Sen. Mike Lee (R-UT) on Tuesday seemed to pivot away from his defund Obamacare effort’s fiery rhetoric, instead calling on conservatives to move in the direction of “optimism.”
“Especially in the wake of recent controversies, many conservatives are more frustrated with the establishment than ever before. And we have every reason to be,” Lee said in a speech at the Heritage Foundation, according to his prepared remarks. “But however justified, frustration is not a platform. Anger is not an agenda. And outrage, as a habit, is not even conservative.”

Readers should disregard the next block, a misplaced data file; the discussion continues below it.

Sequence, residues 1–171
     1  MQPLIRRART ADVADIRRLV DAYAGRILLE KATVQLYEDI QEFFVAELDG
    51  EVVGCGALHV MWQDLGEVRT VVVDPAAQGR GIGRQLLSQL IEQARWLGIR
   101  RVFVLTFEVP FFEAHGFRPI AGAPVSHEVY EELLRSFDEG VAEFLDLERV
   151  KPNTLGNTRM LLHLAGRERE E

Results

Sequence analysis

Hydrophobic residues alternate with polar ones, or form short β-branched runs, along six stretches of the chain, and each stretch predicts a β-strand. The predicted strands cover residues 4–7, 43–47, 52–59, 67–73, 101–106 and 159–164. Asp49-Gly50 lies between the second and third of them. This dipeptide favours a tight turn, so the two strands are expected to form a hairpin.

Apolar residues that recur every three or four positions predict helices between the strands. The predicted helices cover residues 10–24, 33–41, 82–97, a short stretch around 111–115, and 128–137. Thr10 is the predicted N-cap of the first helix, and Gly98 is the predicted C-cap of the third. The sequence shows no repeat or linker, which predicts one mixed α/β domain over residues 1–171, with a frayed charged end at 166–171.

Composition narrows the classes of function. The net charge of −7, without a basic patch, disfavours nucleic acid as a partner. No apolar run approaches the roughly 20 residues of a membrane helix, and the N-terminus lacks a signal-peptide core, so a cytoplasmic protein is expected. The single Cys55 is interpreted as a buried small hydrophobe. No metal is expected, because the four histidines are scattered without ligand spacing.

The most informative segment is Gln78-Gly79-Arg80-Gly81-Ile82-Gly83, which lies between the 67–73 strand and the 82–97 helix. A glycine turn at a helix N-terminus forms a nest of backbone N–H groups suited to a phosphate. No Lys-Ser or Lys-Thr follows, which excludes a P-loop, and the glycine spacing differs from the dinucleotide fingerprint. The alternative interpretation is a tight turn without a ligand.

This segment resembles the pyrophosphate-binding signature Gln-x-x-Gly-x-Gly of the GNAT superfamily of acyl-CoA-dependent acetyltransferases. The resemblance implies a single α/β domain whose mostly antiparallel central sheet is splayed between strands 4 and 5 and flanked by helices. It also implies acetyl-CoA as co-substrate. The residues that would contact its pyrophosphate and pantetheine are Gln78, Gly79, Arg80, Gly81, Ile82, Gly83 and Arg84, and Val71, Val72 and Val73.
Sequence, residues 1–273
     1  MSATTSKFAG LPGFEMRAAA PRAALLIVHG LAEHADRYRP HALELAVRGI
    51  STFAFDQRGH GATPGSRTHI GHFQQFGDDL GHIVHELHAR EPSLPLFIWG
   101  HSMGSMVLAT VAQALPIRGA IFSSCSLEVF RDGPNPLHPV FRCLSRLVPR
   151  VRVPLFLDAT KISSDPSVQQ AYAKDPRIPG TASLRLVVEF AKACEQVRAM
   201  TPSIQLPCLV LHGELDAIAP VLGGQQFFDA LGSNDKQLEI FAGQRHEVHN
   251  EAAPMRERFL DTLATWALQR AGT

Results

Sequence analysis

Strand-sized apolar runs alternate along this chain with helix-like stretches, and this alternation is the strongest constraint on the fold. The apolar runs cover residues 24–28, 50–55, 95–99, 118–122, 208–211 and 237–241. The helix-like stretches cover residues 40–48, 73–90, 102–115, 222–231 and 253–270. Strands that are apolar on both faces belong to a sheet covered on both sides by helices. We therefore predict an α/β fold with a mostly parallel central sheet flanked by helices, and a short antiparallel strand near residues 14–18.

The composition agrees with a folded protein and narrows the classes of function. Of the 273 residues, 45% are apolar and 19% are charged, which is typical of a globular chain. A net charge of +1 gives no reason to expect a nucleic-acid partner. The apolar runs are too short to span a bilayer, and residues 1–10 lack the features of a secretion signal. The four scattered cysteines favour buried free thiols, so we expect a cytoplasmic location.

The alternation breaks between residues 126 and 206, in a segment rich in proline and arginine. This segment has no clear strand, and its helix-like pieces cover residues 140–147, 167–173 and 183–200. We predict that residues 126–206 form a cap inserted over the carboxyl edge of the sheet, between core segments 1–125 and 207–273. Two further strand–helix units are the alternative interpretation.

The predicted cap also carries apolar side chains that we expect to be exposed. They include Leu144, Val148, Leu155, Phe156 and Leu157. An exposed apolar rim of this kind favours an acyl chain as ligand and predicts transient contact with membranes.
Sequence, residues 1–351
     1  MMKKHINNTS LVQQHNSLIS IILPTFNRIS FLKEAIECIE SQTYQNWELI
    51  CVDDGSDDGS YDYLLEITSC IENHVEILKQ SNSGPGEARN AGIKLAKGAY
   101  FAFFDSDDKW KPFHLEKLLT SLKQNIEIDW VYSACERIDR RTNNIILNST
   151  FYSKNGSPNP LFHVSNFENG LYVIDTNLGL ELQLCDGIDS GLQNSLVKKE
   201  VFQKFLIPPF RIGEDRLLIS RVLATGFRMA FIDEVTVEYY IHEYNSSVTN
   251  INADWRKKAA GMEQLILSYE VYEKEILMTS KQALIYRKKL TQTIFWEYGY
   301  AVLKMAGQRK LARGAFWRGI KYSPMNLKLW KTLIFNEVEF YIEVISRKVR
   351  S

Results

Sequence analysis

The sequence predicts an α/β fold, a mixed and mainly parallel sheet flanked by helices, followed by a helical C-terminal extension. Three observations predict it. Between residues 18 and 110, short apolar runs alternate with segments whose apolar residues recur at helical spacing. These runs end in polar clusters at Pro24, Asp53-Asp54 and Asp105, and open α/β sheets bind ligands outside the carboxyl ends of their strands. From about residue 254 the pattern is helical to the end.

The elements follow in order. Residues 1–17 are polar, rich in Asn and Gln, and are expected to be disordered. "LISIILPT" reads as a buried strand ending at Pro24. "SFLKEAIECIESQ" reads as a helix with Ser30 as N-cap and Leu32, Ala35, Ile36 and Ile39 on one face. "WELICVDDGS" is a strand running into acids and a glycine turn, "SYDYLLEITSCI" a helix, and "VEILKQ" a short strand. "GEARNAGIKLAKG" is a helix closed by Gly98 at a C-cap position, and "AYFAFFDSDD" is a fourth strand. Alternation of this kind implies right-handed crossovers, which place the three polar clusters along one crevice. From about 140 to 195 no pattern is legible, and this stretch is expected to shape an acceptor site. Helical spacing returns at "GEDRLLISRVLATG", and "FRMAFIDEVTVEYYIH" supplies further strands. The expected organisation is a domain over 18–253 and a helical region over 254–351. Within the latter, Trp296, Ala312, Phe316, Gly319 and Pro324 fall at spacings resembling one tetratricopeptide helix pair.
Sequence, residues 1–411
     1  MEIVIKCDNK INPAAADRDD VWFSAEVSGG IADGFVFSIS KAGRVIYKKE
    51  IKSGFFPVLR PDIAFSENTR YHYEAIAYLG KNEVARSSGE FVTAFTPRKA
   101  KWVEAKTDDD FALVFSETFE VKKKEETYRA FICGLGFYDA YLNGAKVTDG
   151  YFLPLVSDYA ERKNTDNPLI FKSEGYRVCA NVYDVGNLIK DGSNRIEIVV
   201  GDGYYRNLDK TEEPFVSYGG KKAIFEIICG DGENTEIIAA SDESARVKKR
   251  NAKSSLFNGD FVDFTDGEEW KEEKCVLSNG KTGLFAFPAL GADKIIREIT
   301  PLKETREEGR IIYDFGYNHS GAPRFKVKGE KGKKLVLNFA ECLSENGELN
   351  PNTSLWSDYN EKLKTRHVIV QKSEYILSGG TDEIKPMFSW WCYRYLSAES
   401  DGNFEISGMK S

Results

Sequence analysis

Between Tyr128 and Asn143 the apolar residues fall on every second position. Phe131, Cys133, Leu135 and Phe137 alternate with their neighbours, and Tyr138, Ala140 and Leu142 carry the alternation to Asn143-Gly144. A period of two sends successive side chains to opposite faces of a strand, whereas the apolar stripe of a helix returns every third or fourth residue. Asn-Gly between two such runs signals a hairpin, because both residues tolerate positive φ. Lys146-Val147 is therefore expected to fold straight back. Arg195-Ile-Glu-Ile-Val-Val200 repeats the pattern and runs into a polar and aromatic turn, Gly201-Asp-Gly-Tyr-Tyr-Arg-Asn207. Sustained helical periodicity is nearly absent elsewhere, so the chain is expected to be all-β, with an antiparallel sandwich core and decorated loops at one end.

Instead, he said, conservatism is “about gratitude, and cooperation, and trust, and above all hope.”
Lee previously said he makes “no apologies” for championing the effort to tie defunding Obamacare to government funding negotiations, which created a rift between the party’s more extreme members and moderates. In the shutdown’s immediate aftermath, the senator found himself facing backlash in Utah while polls showed him slipping in popularity.
But in his speech, the Utah Republican pushed back against the notion that his effort to derail the health care law harmed the GOP.
“Too many in Washington seem to believe that on any issue, Republicans should either have one plan — one that everyone supports in lockstep — or no plans,” he said in his remarks. “But unity cannot come at the expense of creativity.”
[h/t Garance Franke-Ruta]